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Wisconsin’s economy ranks among best in country

WEDC Summit highlights strengths, weaknesses of the Badger State’s economy

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November 2, 2023

APPLETON – The Wisconsin economy is in good hands – thanks in large part to a strong female workforce.

That’s according to John Koskinen, chief economist with the Wisconsin Department of Revenue.

“Of course, many other states have a strong women workforce, but in comparison to others, Wisconsin is well above the national average,” he said. “When I pointed this out to my wife, she said, ‘you’re just figuring this out now?’”

During the Wisconsin Economic Development Corporation (WEDC) Summit in Appleton held last month, Koskinen said overall Wisconsin ranks ninth in the nation for married women in the workforce.

“It gives us a huge advantage over other states,” he said.

According to its website, WEDC’s mission is to advance and maximize opportunities in Wisconsin for businesses, communities and people to thrive in a globally competitive environment.

To accomplish this, the organization works with more than 600 statewide partners, including regional economic development organizations, academic institutions and industry groups.

Breaking down the positives
Wisconsin, Koskinen said, is good at several things, which help make its economy strong.

“Wisconsin builds things, grows things, takes care of people, moves things (trucking) and we have good health care,” he said.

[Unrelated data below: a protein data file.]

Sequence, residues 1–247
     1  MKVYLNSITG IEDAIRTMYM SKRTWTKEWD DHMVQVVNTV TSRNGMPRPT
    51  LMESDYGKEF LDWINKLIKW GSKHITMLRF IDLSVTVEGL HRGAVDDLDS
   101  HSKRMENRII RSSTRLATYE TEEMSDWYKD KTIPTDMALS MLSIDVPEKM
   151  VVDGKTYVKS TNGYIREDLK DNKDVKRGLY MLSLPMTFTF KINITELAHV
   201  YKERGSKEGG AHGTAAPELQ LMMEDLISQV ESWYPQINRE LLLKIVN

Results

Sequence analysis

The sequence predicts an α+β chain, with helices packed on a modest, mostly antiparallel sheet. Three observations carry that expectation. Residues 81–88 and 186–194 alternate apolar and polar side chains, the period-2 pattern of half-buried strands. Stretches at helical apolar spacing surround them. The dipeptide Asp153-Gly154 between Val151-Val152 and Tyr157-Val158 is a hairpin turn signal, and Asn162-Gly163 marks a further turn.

Koskinen said another big factor that contributes to a strong Wisconsin economy is “residents prefer to work.”

“From people aged 25-54, we have more than 85% of our population engaged in work,” he said. “If we look at the product of people working, we have a fairly good-sized edge over the rest of the country regarding median income. If you adjust for the cost of living, it rocks – we have a 10% edge.”

Koskinen said if people work and have a good income, those numbers also reflect lower poverty rates.

“From 2021 data, we had the third-lowest poverty rate in the country – that also includes poverty among kids,” he said. “We are now second lowest with the updated numbers.”

Perhaps one of the most surprising statistics, Koskinen said, is Wisconsin teens and young adults also want to work.

“Compared to the rest of the country, we are way ahead in terms of labor force participation rates in younger people,” he said. “The gap between us and the State of California in those two categories is more than 20%. I recently did a presentation in Eau Claire and did the Wisconsin thing – then I went to Culvers – everybody behind the counter seemed to fit into that (young age category).”

Now the bad
Koskinen said with the good comes the bad – though he said he doesn’t like to dwell on it too much.

“But there are things we have to address and keep in our minds so we can be aware of them in the future,” he said.

Among the negatives, Koskinen said, is Wisconsin’s stagnant population when you look at the difference between births and deaths – a rate that he said will contribute to potential worker shortages in years to come, especially in certain industries.

“We are among some of the states which have a declining natural rate of increase,” he said. “To figure out the natural rate of increase, you take births and subtract deaths – if you have more deaths, you have a shrinking population. Our natural rate of increase for people who are here has been negative for the past few years.”